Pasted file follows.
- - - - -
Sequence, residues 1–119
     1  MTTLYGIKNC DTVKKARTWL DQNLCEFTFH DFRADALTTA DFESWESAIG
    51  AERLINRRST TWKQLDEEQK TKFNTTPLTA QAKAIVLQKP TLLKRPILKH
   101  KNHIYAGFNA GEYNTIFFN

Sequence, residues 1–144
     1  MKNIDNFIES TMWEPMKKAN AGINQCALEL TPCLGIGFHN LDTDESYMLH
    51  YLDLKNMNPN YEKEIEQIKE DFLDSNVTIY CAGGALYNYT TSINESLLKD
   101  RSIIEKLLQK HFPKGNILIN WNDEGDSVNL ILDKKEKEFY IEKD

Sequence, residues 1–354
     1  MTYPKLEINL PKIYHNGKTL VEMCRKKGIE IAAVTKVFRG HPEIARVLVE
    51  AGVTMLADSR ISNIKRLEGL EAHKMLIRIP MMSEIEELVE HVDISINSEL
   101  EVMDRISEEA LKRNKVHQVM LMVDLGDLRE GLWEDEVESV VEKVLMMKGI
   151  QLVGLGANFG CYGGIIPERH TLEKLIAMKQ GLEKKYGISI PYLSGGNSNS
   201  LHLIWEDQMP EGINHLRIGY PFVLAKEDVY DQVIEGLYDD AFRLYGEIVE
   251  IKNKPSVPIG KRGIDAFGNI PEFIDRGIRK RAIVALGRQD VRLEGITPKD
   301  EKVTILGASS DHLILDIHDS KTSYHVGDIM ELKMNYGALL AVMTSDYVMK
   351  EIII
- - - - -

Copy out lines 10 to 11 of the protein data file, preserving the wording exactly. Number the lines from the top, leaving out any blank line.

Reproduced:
     1  MTYPKLEINL PKIYHNGKTL VEMCRKKGIE IAAVTKVFRG HPEIARVLVE
    51  AGVTMLADSR ISNIKRLEGL EAHKMLIRIP MMSEIEELVE HVDISINSEL